Trinidad Moruga Scorpion Chili

Trinidad moruga chili
Trinidad moruga chili
Trinidad moruga scorpion (Capsicum chinense) is one of the hottest chili peppers in the world. I’m not sure if I want to taste it, but it’s nice to have such a powerful plant around.
It originates from Trinidad and Tobago. In warm places without freezing temperatures during the winter, it can grow as perennial, but even the lightest frost can completely kill it, so it’s usually acting as an annual plant in temperate climate. Perhaps I’ll try to place it into large pot during autumn and winter and try to keep it alive during the cold part of the year.

Three weeks old seedling

Eucalyptus

Emerging Eucalyptus gunii seedling
Emerging Eucalyptus gunii seedling











One week old Eucalyptus gunii seedling
One week old Eucalyptus gunii seedling

I decided to try growing Eucalyptus gunii and Eucalyptus globulus. The first is supposed to be hardy enough to survive our winters and will eventually go out. Eucalyptus globulus gets damaged when exposed to even moderate frost which makes it indoor plant.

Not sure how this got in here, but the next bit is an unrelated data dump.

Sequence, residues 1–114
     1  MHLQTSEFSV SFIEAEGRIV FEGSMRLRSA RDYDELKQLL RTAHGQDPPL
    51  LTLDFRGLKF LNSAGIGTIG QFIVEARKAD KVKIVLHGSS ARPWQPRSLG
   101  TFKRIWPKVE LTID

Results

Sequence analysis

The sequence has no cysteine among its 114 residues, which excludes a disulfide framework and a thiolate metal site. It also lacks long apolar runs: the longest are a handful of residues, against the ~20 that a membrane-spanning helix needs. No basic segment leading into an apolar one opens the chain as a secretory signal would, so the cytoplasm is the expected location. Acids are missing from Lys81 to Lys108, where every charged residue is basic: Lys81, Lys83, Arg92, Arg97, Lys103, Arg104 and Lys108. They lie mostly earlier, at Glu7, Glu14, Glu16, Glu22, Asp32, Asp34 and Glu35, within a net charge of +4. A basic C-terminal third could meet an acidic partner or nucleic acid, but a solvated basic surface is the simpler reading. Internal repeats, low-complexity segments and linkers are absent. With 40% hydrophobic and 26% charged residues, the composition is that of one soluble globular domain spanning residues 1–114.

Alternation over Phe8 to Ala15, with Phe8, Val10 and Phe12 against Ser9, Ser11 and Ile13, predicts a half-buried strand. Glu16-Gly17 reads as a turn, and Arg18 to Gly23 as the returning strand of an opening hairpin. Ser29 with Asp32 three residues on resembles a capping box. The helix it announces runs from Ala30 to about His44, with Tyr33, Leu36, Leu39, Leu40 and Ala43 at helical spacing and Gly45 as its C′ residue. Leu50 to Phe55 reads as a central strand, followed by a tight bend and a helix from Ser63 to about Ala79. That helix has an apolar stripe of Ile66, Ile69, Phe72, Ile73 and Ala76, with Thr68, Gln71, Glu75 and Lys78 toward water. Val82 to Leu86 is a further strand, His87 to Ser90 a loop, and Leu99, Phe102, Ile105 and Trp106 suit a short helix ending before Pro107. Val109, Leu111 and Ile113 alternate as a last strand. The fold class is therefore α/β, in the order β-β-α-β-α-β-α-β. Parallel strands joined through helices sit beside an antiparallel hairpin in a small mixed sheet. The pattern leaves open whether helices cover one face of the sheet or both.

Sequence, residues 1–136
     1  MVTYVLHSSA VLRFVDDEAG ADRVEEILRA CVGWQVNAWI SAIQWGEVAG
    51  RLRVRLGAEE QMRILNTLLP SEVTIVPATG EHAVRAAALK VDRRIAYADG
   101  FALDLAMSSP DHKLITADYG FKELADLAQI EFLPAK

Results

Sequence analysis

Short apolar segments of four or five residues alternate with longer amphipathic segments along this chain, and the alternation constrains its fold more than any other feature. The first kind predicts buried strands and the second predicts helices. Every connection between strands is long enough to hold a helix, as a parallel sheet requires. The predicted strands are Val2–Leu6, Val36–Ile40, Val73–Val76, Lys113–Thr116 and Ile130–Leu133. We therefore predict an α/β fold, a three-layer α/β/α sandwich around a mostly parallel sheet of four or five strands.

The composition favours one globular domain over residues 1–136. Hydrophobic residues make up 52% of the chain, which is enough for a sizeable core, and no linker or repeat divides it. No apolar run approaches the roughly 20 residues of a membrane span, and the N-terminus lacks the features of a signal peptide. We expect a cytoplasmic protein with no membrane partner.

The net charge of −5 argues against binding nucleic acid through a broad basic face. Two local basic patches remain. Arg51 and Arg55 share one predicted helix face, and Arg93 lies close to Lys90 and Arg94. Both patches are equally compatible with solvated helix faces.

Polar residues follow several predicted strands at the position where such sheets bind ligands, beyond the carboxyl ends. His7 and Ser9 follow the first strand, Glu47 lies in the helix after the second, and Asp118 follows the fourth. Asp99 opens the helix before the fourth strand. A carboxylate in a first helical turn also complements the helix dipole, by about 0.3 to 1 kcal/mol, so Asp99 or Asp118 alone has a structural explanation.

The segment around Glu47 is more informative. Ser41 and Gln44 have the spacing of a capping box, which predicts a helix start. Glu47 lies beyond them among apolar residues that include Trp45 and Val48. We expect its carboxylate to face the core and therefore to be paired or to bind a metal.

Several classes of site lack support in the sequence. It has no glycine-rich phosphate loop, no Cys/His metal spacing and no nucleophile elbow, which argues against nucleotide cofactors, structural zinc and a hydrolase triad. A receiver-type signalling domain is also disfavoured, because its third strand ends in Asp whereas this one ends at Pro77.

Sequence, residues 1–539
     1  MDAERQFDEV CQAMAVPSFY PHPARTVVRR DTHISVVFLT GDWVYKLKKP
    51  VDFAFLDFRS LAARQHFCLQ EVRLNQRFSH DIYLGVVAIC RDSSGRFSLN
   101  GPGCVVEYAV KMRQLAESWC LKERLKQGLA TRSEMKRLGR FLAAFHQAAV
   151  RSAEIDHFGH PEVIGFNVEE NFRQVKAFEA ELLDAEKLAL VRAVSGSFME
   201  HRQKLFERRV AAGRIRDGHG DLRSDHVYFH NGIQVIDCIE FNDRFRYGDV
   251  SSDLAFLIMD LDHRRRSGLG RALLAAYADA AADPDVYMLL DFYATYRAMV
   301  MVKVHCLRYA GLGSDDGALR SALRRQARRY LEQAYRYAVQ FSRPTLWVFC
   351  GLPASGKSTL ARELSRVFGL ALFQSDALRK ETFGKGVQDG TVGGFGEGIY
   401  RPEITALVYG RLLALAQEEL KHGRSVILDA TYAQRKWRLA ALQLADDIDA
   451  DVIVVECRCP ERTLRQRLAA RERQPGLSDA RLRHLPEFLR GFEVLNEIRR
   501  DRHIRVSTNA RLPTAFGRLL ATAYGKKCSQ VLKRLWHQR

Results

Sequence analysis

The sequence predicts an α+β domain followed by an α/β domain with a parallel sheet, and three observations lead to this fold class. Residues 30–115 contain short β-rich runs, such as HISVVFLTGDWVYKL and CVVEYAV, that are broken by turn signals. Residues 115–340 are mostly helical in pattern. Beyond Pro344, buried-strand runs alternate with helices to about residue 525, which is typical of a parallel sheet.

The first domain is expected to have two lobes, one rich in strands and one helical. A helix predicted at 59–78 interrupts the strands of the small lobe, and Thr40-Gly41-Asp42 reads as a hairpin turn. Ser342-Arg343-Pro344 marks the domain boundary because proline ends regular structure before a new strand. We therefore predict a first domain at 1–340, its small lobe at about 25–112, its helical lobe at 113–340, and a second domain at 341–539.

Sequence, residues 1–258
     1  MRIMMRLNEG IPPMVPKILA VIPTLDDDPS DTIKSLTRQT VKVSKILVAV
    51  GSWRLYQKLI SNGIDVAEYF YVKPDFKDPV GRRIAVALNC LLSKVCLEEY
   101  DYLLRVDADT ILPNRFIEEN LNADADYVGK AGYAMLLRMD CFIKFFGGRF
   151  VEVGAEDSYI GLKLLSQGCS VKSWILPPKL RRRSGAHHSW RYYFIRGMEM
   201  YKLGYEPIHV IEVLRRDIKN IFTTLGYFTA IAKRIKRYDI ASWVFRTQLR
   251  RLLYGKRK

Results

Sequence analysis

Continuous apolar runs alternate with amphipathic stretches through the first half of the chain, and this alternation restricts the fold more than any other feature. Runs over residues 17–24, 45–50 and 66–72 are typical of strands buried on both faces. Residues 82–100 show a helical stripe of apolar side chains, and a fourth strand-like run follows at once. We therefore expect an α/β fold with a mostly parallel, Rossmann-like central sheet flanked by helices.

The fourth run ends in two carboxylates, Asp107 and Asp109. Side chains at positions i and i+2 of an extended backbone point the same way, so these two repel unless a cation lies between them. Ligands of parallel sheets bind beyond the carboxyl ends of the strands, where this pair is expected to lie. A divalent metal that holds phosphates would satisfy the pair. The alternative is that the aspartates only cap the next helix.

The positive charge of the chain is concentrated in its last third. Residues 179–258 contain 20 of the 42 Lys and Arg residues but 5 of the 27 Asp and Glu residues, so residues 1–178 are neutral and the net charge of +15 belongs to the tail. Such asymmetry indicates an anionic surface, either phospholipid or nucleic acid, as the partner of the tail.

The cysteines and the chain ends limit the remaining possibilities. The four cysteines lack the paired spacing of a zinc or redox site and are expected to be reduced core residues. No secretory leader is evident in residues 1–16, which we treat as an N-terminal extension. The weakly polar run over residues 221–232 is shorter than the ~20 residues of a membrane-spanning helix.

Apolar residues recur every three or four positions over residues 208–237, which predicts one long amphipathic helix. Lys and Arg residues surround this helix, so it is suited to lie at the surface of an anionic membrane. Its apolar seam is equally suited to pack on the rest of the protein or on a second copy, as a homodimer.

More to come as this little project evolves..

fungosa-shoot14

Bamboo shoots

Each spring or early summer, bamboos start shooting. It’s favourite time of the year for most of Bamboo growers, that anticipate the new season with curiosity.

Many bamboo varieties  look similar if not almost identical when they are mature, but most of them, if not all, have unique shoots. To successfully identify a bamboo, we usually depend on unique characteristics – mature shoot appearance offers just that.

I’m growing several different bamboos and I decided to take shoot photos and try to capture their uniqueness.

Borinda fungosa shoot
Newly emerged Borinda fungosa shoot

Borinda fungosa is the first bamboo I owned. I had grown it from seed in 2011.

Shoots are a bit different from other bamboos, because of extremely large culm sheaths of Borinda genus. As they emerge, they seem completely hollow. After a while, they start to look more like other bamboos, when stem starts elongating and fills the empty space inside the shoot.

Borinda is a late shooter, it usually shoots around mid May. It usually (always so far) sets another round of shoots around September which get killed during the winter.